Will Blair, junior (SciTech Editor): Long Island Iced Tea One of my favorite drinks is iced tea, so this makes for a great option I was introduced this past summer by my friend who’s conveniently from Long Island!
20 – Bite of Baltimore – Drinks & Dessert – The Johns Hopkins News-Letter
Eunice Park, junior (Leisure Editor): Red wine, cabernet only
Brody Silva, senior: Boulevardier I love it because of the fruity but not too sweet ﬂavor and the complexity of the bitterness. During quarantine, my mom’s partner made them for dinner.
Blends well with food and is arguably better for one’s health! A classy drink of choice. I fell in love with this after I turned 21!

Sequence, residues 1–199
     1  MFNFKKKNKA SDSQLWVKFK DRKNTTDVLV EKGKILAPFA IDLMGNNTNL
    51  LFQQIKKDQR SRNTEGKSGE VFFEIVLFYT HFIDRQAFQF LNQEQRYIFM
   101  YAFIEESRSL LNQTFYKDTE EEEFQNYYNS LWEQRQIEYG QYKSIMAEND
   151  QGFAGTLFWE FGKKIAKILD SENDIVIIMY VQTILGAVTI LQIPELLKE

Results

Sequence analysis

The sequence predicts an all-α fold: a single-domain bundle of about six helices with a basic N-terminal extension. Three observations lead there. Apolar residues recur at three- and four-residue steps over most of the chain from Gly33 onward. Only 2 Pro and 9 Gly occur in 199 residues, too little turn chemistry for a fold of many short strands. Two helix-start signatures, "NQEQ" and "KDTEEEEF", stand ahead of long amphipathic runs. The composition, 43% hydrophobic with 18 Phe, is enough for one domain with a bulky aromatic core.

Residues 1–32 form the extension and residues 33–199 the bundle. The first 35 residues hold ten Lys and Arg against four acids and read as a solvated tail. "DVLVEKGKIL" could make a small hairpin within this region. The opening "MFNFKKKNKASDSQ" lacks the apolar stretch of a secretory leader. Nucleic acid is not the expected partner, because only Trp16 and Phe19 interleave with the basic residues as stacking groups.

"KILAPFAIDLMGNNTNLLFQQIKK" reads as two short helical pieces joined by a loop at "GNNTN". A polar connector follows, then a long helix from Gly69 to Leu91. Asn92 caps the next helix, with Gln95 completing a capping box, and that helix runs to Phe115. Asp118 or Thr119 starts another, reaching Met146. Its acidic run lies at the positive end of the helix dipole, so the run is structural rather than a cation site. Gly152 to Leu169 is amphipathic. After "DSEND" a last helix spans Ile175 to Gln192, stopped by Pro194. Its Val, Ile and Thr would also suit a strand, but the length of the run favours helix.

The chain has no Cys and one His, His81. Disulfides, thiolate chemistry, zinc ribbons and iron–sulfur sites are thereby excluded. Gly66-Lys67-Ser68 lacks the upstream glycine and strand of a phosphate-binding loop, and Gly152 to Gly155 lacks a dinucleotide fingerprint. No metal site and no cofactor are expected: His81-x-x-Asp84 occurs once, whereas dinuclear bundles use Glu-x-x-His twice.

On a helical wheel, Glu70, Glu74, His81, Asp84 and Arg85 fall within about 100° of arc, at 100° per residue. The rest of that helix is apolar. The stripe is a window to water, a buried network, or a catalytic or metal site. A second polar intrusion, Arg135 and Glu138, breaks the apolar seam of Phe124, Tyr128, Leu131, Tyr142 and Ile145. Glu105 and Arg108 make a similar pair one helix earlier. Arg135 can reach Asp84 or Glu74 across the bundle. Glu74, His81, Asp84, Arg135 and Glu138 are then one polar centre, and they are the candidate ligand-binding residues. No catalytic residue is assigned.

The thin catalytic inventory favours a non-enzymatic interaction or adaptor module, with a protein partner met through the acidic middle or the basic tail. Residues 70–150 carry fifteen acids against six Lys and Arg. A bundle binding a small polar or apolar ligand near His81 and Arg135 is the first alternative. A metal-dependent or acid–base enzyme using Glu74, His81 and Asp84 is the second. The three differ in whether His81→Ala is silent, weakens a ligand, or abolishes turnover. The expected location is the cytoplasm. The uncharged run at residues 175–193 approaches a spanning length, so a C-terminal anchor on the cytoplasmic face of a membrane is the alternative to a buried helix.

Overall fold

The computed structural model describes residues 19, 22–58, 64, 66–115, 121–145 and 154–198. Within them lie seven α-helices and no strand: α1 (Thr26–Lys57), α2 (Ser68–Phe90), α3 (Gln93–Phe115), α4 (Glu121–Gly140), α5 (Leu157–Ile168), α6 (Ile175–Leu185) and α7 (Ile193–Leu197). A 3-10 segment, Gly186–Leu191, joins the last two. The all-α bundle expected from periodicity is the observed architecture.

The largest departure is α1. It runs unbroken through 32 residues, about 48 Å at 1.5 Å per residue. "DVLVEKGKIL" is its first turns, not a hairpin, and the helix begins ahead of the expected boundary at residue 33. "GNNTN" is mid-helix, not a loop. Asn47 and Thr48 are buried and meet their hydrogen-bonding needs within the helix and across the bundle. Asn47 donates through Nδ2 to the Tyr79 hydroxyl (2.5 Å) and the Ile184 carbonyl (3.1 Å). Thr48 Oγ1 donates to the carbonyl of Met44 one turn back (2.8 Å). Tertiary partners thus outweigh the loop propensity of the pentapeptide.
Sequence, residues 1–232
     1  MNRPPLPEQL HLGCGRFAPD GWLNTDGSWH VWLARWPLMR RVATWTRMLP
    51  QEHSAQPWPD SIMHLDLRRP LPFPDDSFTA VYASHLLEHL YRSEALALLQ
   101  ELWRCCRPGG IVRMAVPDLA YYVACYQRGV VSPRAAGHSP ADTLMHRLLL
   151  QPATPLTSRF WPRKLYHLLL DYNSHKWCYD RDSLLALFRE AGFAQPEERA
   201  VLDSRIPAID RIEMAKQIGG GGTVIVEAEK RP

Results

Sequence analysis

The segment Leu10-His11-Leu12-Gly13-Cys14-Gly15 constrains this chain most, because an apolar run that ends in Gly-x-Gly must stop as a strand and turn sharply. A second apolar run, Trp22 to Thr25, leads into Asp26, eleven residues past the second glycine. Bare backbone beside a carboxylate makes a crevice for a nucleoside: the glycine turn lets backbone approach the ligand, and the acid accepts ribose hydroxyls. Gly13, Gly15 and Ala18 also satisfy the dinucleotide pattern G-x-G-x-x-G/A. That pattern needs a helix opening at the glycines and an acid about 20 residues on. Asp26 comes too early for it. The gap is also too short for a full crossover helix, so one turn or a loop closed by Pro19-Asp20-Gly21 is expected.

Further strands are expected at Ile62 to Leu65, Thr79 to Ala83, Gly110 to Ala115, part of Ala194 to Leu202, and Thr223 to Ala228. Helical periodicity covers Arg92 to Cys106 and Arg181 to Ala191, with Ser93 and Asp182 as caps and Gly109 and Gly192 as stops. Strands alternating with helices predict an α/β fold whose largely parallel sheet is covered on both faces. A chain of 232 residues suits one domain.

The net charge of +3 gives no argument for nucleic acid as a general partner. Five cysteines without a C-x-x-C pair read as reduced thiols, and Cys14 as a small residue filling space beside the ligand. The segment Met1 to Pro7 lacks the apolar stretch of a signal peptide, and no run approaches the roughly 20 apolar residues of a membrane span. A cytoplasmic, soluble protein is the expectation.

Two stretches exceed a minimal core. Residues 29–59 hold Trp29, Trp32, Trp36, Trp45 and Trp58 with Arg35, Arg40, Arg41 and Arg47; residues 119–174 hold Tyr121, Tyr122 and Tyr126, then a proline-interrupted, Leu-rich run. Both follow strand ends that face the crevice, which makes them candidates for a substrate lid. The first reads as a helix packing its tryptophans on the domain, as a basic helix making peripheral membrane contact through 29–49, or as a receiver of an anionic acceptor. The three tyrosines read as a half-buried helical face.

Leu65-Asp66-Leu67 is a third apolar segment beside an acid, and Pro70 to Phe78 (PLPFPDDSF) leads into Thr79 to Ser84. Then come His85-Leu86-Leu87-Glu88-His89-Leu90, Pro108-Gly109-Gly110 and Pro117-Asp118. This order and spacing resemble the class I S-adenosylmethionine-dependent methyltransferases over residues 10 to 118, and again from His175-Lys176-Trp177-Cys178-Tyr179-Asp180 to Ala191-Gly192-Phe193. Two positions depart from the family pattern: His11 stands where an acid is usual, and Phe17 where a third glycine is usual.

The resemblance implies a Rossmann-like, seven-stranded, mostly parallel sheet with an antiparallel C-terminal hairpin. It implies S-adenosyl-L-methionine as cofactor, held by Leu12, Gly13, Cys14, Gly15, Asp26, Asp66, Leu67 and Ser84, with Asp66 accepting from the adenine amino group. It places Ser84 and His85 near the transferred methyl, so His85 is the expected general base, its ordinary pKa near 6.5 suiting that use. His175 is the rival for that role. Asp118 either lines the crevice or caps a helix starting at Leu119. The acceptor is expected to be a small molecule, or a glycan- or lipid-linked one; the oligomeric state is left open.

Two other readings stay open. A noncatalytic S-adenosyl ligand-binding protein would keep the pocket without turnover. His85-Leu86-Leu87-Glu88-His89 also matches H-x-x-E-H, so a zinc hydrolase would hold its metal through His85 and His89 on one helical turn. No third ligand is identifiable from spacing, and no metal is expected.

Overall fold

Laura Wadsten, senior (Editor-in-Chief): Bloody Mary This is an incredibly unpopular opinion, especially among people under 40, but a Bloody Mary is the ideal drink. Tomato soup is one of the most comforting foods, and this is just the “grown-up” version. This savory cocktail is also incredibly versatile — you can go all out and make it a meal with skewers of shrimp, sausage, bacon and vegetables or go simple with a stick of celery. As a kid, I remember my neighbor and beloved adopted grandparent Jim always asking my mother if she wanted a Bloody Mary — it became an inside joke because she always refused. Tragically, Jim passed away several years ago; I never got the chance to be asked if I wanted a Bloody Mary. Last year, inspired by Jim, I decided to try one. Whenever I drink a Bloody Mary I think about him.
Michelle Limpe, junior (Managing Editor) Aperol Spritz Melanie Alfonzo, senior: Mimosa I love it because it ﬁts any occasion at any time of day and makes me feel fancy. This became my staple drink because of brunches :)